Under the Affordable Care Act, premium subsidies—tax credits in ObamaCare designed to defray the cost of purchasing health insurance—will go to some seven million tax filers and flow to households earning as much as $94,000 a year. The credits are both advanceable and refundable, meaning the IRS will pay them first and verify the claims for them later, what some call "pay and chase."This speaks to something that puzzles me deeply about advocates of big government (i.e., Progressives and Liberals). Anyone who experiences the joys of “service” at the DMV, or at the U.S. Post Office surely must at least have doubts about the efficiency and efficacy of government-run enterprises. Anyone who has ever been in the U.S. military can regale you with endless tales of waste and mismanagement. I was once part of a large working party on a Navy ship that had the job of taking a brand-new, never-used spare computer and throwing it over the side of the ship in a deep part of the Pacific. Why would we do such a stupid thing? Because the budgetary rules determined next year's funding level by this year's spending. One way to spend a bunch of money: throw an expensive (roughly $300k) computer over the side! That's your government bureaucracy at work.
Refundable tax credits are essentially a form of spending through the tax code, something the IRS has struggled to administer for years with other programs. That's why it's not far-fetched to say that these premium credits will go to a lot of people inappropriately, and that we can expect to see a lot of erroneous and fraudulent payments.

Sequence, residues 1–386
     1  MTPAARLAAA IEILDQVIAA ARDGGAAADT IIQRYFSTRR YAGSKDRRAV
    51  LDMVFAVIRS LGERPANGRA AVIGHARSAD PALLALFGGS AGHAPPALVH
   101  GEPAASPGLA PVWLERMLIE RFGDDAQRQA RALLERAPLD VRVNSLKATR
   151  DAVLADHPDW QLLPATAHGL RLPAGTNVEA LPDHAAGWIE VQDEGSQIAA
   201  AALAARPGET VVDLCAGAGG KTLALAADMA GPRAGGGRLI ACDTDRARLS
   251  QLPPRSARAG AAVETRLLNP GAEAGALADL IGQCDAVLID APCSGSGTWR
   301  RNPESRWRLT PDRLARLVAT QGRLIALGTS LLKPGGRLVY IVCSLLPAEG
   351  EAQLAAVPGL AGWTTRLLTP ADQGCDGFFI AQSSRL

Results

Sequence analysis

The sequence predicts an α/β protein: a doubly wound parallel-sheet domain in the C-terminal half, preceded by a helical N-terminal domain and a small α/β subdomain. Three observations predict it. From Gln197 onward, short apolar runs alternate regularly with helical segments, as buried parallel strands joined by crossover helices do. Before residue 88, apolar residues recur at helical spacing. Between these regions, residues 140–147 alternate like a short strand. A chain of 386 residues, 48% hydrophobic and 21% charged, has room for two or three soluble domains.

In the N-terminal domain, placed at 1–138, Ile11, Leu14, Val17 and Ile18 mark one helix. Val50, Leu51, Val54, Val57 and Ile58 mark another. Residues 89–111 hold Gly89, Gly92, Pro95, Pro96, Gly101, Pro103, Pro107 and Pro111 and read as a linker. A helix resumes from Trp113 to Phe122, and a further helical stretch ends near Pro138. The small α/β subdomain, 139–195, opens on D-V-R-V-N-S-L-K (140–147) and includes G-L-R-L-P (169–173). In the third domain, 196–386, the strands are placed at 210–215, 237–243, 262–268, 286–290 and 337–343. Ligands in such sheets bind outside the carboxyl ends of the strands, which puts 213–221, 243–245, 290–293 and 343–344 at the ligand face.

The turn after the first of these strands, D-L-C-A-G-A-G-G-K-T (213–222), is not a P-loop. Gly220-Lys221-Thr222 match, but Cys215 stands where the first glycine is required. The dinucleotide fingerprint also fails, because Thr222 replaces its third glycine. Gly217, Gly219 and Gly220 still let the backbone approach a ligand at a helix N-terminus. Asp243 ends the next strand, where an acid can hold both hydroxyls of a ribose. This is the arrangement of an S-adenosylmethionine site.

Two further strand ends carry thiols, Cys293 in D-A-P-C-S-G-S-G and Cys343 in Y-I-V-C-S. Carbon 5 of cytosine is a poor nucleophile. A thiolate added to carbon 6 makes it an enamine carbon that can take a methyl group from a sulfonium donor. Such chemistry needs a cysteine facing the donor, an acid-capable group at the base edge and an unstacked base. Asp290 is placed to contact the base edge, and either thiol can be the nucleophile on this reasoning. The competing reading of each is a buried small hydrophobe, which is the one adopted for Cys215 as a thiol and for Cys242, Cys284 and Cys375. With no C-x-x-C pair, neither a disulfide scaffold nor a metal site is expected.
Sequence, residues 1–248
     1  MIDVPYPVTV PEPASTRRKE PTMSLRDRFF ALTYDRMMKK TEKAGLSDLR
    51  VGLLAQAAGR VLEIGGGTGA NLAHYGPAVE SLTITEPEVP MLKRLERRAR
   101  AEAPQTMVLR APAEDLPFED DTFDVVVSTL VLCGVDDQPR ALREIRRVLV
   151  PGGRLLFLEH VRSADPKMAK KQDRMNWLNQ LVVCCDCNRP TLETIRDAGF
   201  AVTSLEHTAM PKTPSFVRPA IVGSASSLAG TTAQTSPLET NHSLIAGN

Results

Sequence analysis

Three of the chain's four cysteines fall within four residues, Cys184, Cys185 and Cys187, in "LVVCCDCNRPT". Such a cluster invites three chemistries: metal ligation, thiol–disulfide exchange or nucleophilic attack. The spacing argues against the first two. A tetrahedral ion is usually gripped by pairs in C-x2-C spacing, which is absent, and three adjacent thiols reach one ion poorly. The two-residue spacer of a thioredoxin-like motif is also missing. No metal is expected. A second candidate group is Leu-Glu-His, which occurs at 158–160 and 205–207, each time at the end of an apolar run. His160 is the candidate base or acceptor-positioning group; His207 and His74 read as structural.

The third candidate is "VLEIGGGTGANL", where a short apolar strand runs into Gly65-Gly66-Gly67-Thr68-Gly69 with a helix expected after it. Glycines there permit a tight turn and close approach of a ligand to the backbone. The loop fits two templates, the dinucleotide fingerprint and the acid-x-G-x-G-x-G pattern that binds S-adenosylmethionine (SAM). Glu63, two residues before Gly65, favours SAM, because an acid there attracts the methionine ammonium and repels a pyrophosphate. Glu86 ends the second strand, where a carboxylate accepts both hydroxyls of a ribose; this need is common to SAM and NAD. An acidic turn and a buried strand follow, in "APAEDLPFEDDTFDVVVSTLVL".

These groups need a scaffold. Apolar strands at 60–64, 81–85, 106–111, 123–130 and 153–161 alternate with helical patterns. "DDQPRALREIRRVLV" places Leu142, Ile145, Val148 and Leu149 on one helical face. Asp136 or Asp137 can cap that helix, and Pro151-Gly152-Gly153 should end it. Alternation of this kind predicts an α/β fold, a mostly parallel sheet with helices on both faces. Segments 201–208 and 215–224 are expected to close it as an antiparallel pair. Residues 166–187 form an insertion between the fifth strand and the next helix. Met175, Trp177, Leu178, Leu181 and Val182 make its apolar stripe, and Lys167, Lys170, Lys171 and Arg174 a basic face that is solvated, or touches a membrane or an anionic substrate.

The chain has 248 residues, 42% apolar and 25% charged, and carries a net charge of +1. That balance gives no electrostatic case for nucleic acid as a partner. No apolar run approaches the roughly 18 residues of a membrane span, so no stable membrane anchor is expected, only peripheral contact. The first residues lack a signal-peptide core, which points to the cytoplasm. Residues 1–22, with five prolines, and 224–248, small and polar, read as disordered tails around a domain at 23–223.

Look at the Earned Income Tax Credit. Whether you like this refundable credit or not, the Treasury Department's inspector general for tax administration reported in April that improper payments account for 21% to 25% of total EITC payments in 2012. Take the percentage of improper EITC payments and apply it to the approximate $1 trillion we'll spend on ObamaCare premium credits in the decade beginning 2014. The math shows that we could see between $210 billion and $250 billion distributed to those who shouldn't get it—because the IRS has no system in place to verify reported household income.
Put all the potential fraud and improper payments with these credits on top of the already soaring budget for the premium subsidies and we're headed for a disaster.
I think the solution is more radical than what Senator Hatch proposes, though: the entire income tax system should be rethought from scratch, with an emphasis on simplicity and transparency. Little Estonia is an inspiring example with its flat tax...